the laziest cheesecake

If Gudetama were ever made into a cheesecake, this would be it…

… because I made it in a rice cooker :D

I literally just mixed all the ingredients together and pressed the “cook” button. Found the recipe from this Japanese cooking website, I chose it because it was the easiest (no separating egg whites and egg yokes kind of stuff). I converted some measurements and substituted some ingredients, and it turned out quite beautifully if I do say so myself :D so I’m recording the modifications here in case I have to come back to it again, or if anyone is interested in trying it. Note: I have a 5-cup rice cooker; for a smaller rice cooker, you might have to halve the recipe as suggested on the original recipe, so it will cook through.

  1. Warm 200g of cream cheese to room temperature (I eye-balled 1/5 of the 250g brick and cut it off), fluff with fork.
  2. Mix in 2 eggs (beaten), 1/3 cup sugar, and 1 tbsp lemon juice.
  3. Gradually mix in 1/3 cup pancake mix (I bought the kind that you have to add milk and egg, not the just add water kind) and 1/3 cup half-and-half cream. Mix very well to eliminate lumps (I used a hand mixer).
  4. Grease inner pot of rice cooker with margarine/butter. Pour mixture into pot. Cook on regular rice setting.
  5. When done, test with toothpick to see if the centre is still runny. If so, cook on same setting again. (Toothpick will not come out clean, but as long as the inside is not runny it should be ok)
  6. Take out inner pot and cover with plastic wrap, cool to room temperature, then refrigerate for a few hours (I wanted to minimize the chance of it crumbling when I flip it out).
  7. Flip the cake out of the pot carefully with my hand (or a plate that fits inside the pot) pressing gently on the cake (as demonstrated with pictures in the original recipe).

Ta-da!

It tasted like a cross between Japanese cheese cake (light, fluffy, not too sweet) and New York style cheese cake (dense and rich). I suspect the denseness is due to me cooking the cake 3 times. The toothpick didn’t come out completely clean the second time and I thought it had to be, so I think I overcooked it. Next time I’ll just cook it twice. 

I made it for Mike’s birthday :D I’ll probably make it again for my parents, Mike’s parents, my co-workers, my friends, church potluck… it’s so easy!!

Wishing everyone a sweet Sunday afternoon!

 

p.s. Gudetama is a Sanrio character in the shape of an egg who is very lazy. It also morphs into different kinds of egg-based foods. His short anime are hilarious, and a bit bizarre… but fun for a short break in the day :)

happy year of the rooster!

Usually I’d be having a regular work day over Lunar New Year, but this year it falls on a Saturday! So I thought I’d celebrate by trying out a rice cooker turnip cake recipe :D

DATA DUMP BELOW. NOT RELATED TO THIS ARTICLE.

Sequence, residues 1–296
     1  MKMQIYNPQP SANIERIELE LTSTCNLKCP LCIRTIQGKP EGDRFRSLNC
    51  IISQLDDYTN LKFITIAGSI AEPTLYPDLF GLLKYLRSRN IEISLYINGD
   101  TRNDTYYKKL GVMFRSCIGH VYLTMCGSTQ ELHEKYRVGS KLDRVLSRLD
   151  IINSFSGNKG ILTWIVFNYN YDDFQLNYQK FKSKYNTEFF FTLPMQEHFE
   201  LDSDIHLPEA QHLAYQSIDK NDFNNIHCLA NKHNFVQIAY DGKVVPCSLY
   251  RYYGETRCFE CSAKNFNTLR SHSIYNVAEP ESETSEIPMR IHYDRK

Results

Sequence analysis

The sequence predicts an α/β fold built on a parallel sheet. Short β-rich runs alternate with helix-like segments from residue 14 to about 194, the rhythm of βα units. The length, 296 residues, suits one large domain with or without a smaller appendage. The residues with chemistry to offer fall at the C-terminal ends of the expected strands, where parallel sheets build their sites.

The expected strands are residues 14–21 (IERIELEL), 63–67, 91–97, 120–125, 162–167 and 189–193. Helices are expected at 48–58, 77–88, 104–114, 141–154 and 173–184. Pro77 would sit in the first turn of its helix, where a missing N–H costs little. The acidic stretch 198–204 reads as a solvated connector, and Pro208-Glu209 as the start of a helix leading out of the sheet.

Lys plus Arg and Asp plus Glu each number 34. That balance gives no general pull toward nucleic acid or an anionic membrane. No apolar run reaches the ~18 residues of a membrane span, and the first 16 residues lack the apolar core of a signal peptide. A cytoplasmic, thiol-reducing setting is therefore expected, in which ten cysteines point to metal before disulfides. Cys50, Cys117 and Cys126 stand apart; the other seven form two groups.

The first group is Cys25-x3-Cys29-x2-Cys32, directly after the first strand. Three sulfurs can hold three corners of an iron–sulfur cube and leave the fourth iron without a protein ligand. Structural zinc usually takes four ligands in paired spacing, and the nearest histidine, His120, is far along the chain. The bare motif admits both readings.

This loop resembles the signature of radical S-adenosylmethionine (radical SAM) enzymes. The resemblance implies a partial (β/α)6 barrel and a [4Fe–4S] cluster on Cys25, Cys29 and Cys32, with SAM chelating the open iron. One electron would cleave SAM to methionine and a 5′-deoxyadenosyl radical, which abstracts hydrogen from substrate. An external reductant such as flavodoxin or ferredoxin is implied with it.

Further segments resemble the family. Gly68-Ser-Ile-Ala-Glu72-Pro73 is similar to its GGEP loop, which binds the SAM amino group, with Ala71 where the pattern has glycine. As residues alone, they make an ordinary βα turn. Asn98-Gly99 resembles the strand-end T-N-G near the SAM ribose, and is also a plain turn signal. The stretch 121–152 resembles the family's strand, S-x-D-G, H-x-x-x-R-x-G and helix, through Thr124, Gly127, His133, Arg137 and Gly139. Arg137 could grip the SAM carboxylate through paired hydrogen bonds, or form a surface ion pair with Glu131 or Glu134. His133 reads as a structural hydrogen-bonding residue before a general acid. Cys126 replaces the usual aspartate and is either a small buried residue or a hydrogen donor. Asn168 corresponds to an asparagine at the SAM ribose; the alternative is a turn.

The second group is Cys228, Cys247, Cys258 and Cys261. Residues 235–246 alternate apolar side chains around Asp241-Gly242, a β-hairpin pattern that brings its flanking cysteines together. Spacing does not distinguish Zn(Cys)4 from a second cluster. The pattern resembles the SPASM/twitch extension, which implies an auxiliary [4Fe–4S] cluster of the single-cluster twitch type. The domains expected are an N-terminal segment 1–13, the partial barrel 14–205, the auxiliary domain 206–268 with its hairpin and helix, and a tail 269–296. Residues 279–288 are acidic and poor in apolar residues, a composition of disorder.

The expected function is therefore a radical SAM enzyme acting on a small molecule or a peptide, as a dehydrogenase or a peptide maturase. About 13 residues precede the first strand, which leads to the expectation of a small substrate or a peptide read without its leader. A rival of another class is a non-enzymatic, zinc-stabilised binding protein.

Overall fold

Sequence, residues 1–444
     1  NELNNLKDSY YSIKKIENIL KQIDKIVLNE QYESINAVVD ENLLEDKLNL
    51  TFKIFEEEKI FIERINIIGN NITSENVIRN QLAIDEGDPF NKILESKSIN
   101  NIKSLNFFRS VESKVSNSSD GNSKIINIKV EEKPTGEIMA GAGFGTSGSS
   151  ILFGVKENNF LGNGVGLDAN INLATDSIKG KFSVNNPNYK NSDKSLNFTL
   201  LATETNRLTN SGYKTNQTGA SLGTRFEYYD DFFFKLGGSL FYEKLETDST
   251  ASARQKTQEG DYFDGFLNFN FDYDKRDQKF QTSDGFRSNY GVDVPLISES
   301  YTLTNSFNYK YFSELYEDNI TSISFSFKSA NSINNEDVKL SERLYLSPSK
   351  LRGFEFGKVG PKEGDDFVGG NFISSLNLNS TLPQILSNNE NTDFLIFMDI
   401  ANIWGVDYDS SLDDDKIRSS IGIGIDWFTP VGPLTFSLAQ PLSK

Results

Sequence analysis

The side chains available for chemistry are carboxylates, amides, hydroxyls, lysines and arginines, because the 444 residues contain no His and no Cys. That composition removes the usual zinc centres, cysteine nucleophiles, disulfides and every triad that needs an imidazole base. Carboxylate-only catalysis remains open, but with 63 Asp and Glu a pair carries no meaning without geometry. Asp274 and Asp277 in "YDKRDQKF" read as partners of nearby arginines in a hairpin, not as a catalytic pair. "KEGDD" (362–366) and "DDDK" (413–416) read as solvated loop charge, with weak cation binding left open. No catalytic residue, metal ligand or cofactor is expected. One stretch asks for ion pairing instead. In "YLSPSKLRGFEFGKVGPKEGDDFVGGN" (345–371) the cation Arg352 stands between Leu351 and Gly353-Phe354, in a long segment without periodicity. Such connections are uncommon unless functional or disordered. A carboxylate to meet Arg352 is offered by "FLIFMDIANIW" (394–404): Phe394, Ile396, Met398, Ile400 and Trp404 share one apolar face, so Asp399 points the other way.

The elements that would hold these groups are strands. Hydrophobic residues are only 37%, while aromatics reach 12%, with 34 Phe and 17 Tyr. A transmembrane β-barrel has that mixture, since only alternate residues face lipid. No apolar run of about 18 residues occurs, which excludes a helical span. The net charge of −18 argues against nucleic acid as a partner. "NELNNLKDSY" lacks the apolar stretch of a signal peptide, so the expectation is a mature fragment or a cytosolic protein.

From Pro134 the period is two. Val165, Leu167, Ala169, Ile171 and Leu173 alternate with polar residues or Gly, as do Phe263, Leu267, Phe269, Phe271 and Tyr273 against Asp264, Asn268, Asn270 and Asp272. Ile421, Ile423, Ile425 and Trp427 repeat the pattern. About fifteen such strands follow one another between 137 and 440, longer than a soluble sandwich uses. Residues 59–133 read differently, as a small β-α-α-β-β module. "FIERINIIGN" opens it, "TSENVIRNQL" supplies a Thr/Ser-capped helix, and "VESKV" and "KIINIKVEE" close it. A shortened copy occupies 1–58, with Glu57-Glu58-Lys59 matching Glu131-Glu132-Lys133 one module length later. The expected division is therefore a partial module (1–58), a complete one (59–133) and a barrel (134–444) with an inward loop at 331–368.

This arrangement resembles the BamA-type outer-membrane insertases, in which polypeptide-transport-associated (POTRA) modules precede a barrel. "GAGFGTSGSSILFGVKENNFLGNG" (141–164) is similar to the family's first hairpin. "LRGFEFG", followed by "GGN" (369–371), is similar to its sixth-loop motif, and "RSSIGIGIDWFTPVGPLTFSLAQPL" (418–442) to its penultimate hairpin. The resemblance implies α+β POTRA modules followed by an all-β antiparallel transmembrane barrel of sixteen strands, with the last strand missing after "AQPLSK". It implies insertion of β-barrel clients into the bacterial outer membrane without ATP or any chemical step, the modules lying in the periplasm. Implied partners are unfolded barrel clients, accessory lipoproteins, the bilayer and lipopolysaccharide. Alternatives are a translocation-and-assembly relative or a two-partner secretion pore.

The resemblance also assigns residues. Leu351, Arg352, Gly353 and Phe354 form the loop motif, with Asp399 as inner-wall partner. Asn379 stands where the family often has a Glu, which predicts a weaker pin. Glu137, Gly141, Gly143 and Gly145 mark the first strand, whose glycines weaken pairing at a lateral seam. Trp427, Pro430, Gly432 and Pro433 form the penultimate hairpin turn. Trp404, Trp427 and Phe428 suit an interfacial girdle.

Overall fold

I remember my Hakka grandmother making lots and lots of turnip cakes in preparation for new year. Turnip cake is also Mike’s favourite at dim sum. So even though I’m not so good with cooking, I thought I’d give it a try. And it actually turned out quite well, and tasted like turnip cake! The recipe I found is all in Chinese, but if you can’t read Chinese but are interested in making turnip cake with a rice cooker, here’s what I did :D 

The main ingredients are: (they can usually be purchased at Asian grocery stores)

400g daikon radish (I don’t have a scale so I don’t know how much I used for sure, but used one average size daikon radish)
80g Chinese sausage (I used one)
80g preserved meat (?) (not sure what it is in English, didn’t use)
3 shiitake mushrooms (soaked for a few hours to rehydrate)
1 tbsp dried shrimps (soaked for a few hours to rehydrate. I probably used 3 tbsp, as pictured. Didn’t measure. 1 tbsp of shrimps just seems too few. I like shrimps.)
1 cup of rice flour (I used about 1/4 cup more because it looked like I had more daikon than called for)
1 cup of water (I used about 1/4 cup more, and used the liquid created from shredding the daikon, as well as the soaking water from the mushrooms, for flavour) 
I also used a small amount of cilantro, chopped

Seasoning for the daikon:
1 tsp chicken instant stock mix
1/8 tsp sugar (didn’t measure, used a pinch)
1/8 tsp salt (same as above)
a bit of white pepper

Seasoning for mushrooms/shrimps/sausage:
1/8 tsp soy sauce (a few drops)
1/8 tsp sugar (a pinch)
1/8 tsp rice wine (didn’t use, because I don’t have rice wine)

1) Chop mushrooms into thin strips. Roughly chop shrimps.

2) Chop Chinese sausage into small bits

3) Mix mushrooms, shrimps and sausage together with seasoning (the soy sauce, sugar and rice wine)

4) Heat wok (I used a frying pan because I don’t have a wok), quick fry mushrooms, shrimps and sausage with 1 tbsp of oil. Put in a dish and set aside.

5) Peel and shred daikon. Drain and save the liquid in a bowl, add water (I use the water from the mushroom soak, filtered with a coffee filter) to make 1 cup. In a bowl mix this liquid with rice flour. Set aside.

6) Heat wok (I used a large frying pan), quick fry the shredded daikon with the daikon seasoning and 1/2 tbsp of oil. Turn down heat and cover, cook for a few minutes until soft. Mix in the mushrooms/shrimps/sausage and cilantro. Turn off heat. Mix in the rice flower mixture quickly.

7) Grease rice cooker, pour mixture into rice cooker. Cook in rice cooker on white rice setting.

It looked like I had enough to make 2 cakes so I made an extra small one on the steaming rack in the rice cooker, on a greased tin plate. When the rice cooker finished cooking for the first time, the small turnip cake didn’t look cooked, and I wasn’t sure about the larger one in the rice cooker, so I cooked it again on the “quick steam” setting. After that the large one looked done (has a slight translucent quality), but the top one still looked uncooked (opaque like rice pudding), so I steamed it the old school way, until it looked cooked.

Here’s the large one cooked in the rice cooker. I’m quite proud of how it turned out! :D